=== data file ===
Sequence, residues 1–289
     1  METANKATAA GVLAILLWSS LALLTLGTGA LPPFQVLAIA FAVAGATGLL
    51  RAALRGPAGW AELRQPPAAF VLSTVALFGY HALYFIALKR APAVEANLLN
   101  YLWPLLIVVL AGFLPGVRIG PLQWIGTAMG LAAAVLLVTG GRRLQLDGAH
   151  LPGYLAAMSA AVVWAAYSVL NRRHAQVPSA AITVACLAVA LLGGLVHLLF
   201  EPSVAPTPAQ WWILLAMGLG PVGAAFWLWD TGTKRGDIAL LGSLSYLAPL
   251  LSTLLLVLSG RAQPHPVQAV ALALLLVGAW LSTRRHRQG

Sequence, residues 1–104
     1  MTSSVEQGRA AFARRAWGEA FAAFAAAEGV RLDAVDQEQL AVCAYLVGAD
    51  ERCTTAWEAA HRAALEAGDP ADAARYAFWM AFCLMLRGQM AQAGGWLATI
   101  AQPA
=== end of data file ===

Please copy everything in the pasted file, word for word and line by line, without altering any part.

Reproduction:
Sequence, residues 1–289
     1  METANKATAA GVLAILLWSS LALLTLGTGA LPPFQVLAIA FAVAGATGLL
    51  RAALRGPAGW AELRQPPAAF VLSTVALFGY HALYFIALKR APAVEANLLN
   101  YLWPLLIVVL AGFLPGVRIG PLQWIGTAMG LAAAVLLVTG GRRLQLDGAH
   151  LPGYLAAMSA AVVWAAYSVL NRRHAQVPSA AITVACLAVA LLGGLVHLLF
   201  EPSVAPTPAQ WWILLAMGLG PVGAAFWLWD TGTKRGDIAL LGSLSYLAPL
   251  LSTLLLVLSG RAQPHPVQAV ALALLLVGAW LSTRRHRQG

Sequence, residues 1–104
     1  MTSSVEQGRA AFARRAWGEA FAAFAAAEGV RLDAVDQEQL AVCAYLVGAD
    51  ERCTTAWEAA HRAALEAGDP ADAARYAFWM AFCLMLRGQM AQAGGWLATI
   101  AQPA